Use the codecs' encoding parameter when reading and writing, although you can do it manually yourself, I find that this method works without problems. Also, note that how it prints depends on the default encoding of your OS.
s = b'B1=A\xF1adir+al+carrito\n'.decode('latin-1')
with codecs.open('lat.txt', mode="wb", encoding='latin-1') as fp:
with codecs.open('lat.txt', "r", encoding='latin-1') as fp:
Also, strings in Python 3 are unicode so enocde and decode are not necessary.
That's only true if text is already inside Python 3.
Here we are talking about taking text from outside into Python 3,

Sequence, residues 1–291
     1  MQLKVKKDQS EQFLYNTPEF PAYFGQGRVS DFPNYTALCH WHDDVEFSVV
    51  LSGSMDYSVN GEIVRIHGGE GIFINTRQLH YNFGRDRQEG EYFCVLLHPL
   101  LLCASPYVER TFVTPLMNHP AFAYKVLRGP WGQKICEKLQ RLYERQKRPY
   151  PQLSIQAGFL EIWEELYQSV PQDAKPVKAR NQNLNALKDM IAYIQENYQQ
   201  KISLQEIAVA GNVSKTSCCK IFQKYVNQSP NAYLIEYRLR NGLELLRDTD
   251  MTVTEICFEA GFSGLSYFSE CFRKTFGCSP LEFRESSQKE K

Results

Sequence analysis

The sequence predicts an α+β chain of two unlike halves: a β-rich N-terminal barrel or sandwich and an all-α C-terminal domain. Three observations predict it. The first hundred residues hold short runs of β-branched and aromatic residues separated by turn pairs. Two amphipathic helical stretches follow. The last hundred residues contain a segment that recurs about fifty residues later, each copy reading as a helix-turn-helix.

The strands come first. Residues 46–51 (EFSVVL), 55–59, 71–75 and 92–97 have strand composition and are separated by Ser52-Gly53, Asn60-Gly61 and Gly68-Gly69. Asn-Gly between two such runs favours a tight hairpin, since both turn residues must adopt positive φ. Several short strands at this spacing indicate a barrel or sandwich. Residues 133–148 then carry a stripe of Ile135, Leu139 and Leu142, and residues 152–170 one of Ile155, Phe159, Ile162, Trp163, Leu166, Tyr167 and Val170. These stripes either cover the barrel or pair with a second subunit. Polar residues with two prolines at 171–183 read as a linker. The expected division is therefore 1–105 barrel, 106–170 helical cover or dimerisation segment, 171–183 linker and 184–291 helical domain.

then we must define a encoding like utf-8,latin-1...,
or it will give an error or become a byte string.
Because we must read with correct encoding when taking text into Python 3, with open() has new stuff like errors='ignore', errors='replace'
with open('some_file', 'r', encoding='utf-8', errors='ignore') as f:
So this statement. In Python 3 are all strings are sequences of Unicode character
Yes this is true,
but then all text taken in from outside must have been correct encoded into Python 3.
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